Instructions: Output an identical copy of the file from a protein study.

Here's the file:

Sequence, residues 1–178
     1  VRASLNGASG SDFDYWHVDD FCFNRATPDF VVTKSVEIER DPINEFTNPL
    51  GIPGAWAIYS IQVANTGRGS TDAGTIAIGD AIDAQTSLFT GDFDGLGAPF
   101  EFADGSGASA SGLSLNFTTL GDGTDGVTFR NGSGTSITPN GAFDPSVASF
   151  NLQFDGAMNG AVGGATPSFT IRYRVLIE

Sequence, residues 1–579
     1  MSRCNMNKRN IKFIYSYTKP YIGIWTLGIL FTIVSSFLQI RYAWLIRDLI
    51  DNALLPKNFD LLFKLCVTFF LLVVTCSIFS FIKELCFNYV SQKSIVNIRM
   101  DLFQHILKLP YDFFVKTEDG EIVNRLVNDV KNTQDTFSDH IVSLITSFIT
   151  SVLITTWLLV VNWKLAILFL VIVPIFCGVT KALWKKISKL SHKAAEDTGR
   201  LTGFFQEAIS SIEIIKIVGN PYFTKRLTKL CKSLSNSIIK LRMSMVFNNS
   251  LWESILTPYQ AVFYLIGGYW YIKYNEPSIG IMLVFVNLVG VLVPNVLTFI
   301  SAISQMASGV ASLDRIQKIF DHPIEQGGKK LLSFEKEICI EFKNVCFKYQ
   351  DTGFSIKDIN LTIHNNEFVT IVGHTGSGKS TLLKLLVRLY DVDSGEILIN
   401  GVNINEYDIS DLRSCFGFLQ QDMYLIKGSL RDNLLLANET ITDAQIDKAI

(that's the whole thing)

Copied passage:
Sequence, residues 1–178
     1  VRASLNGASG SDFDYWHVDD FCFNRATPDF VVTKSVEIER DPINEFTNPL
    51  GIPGAWAIYS IQVANTGRGS TDAGTIAIGD AIDAQTSLFT GDFDGLGAPF
   101  EFADGSGASA SGLSLNFTTL GDGTDGVTFR NGSGTSITPN GAFDPSVASF
   151  NLQFDGAMNG AVGGATPSFT IRYRVLIE

Sequence, residues 1–579
     1  MSRCNMNKRN IKFIYSYTKP YIGIWTLGIL FTIVSSFLQI RYAWLIRDLI
    51  DNALLPKNFD LLFKLCVTFF LLVVTCSIFS FIKELCFNYV SQKSIVNIRM
   101  DLFQHILKLP YDFFVKTEDG EIVNRLVNDV KNTQDTFSDH IVSLITSFIT
   151  SVLITTWLLV VNWKLAILFL VIVPIFCGVT KALWKKISKL SHKAAEDTGR
   201  LTGFFQEAIS SIEIIKIVGN PYFTKRLTKL CKSLSNSIIK LRMSMVFNNS
   251  LWESILTPYQ AVFYLIGGYW YIKYNEPSIG IMLVFVNLVG VLVPNVLTFI
   301  SAISQMASGV ASLDRIQKIF DHPIEQGGKK LLSFEKEICI EFKNVCFKYQ
   351  DTGFSIKDIN LTIHNNEFVT IVGHTGSGKS TLLKLLVRLY DVDSGEILIN
   401  GVNINEYDIS DLRSCFGFLQ QDMYLIKGSL RDNLLLANET ITDAQIDKAI